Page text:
$770 – Full day child care for Ally (inclusive of some optional enrichment class)
$144 – Additional deposit for fees increase plus some school related misc expenses
$28.00 – School excursion
$13.90 – Water bottle
$31.80 – Formula milk
$51.90 – Formula Milk
$74.50 – Diapers
Core: Fixed ($1,474.69)
$140.48 – Electrical / Gas / Water
$36.75 – Property Services and Conservancy Charges (0.5 month govt rebate)
$229.69 – Mobile / Internet (Include some prepayments)
Mortgage ($820.00) – Paying using our CPF. 20 year bank loan (First 3 years fixed interest and floating on the 4th year onward pegged against the FHR9). We would like to maintain an arbitrage on this home loan as the interest is less than 2% and we might repay it in full should the interest spike up when we reach FI.
Insurance – Health ($247.77) – Insurance premiums – hospitalization and outpatient (annual premiums amortized into 12 months)
$20.00 – Colleague’s farewell gift
$248.00 – Mobile phone for Kate’s mum (Her christmas present to her mum)
Insurance – Savings ($622.34) – Insurance premiums – includes savings and whole life policies (annual premiums amortized into 12 months)
Parents allowance ($1.200) – We will maintain this as long as both of us are still employed and will adjust this lower upon reaching FI.
Insurance – Health ($215.75) – Insurance premiums – hospitalization and outpatient (annual premiums amortized into 12 months)
Grand Total = Total Family $4,787.05 + Total Parents $1,415.75 = $6,202.80
* We included savings insurance as part of our cash outflow until they are fully paid up. The reason is that we will most probably still be paying for them even if we reach FI. We do acknowledge that this is not an expense but it is still a cash outflow nonetheless unless we monetize the accrued cash value of the savings policies.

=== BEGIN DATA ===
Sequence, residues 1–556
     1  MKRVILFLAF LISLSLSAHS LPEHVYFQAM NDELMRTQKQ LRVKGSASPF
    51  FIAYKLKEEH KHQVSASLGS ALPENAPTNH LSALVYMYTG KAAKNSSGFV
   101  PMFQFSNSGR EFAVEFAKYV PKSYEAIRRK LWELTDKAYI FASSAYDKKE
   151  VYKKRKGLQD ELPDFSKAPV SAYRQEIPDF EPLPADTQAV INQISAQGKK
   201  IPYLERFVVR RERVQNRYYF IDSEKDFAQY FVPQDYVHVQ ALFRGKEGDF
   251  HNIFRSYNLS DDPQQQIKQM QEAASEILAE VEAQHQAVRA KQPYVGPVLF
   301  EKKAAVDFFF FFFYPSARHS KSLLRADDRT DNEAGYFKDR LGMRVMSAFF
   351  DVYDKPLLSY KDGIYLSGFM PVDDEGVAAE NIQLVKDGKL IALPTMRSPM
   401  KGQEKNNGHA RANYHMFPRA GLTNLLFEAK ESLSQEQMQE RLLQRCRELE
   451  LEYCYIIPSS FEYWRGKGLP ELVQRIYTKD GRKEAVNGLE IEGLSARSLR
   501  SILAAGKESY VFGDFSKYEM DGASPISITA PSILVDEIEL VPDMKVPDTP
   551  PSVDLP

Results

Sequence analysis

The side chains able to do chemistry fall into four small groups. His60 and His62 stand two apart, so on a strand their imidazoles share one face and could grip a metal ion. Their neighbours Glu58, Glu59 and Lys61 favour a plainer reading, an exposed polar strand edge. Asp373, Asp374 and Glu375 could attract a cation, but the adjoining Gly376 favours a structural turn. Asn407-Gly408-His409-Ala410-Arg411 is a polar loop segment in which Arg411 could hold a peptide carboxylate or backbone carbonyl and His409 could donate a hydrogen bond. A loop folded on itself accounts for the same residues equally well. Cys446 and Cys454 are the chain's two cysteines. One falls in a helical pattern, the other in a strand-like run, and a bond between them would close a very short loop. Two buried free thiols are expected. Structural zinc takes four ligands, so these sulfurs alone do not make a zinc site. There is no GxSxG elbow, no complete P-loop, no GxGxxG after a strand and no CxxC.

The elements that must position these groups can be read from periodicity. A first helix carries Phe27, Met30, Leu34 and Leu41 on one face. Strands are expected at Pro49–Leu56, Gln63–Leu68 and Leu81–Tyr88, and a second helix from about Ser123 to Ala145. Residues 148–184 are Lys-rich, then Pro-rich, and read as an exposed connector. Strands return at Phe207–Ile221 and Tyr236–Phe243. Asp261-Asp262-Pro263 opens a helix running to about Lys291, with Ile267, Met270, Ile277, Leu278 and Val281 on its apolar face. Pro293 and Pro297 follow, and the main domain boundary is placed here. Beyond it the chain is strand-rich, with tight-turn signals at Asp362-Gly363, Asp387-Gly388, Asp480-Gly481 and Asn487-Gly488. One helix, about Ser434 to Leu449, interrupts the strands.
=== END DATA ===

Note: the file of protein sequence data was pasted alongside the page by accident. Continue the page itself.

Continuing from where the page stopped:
We have revamped our cash outflow layout and list down the two main categories as below:
Core expenses are the variable / fixed cash outflow incurred for the month as “operational expenses”. This is the bare minimum to run our household comfortably and is the amount we will still be incurring even when we are not working.
Of course we could further reduce this with our minimalist lifestyle by cutting back on childcare ($770) and fully pay off our mortgage ($820). This will further reduce our Family Core cash outflow by 40% whereby we could operate our family within $2,500.
Non-core is the category that includes travelling, donations/gifts, savings insurance and things that will enhance our happiness level, security and sense of purpose over the long run. Our savings insurance policies here to show that these are additional savings we have and we might monetize this when our kids gets older. We think that these are important elements to move higher up on the pyramid under the Maslow’s hierarchy of needs. We want to maintain this as long as possible to have something to look forward in future.
This is the category we would like to maintain as long as both of us are gainfully employed. We would like to continue giving until we reach FI but we might adjust the figure.
We hope that this new cash flow layout will provide a better glimpse of how a family cash outflow is like. We are not setting any budget this year but we would like to keep our family cash outflow excluding parents at $5k and below.
How was January like for you?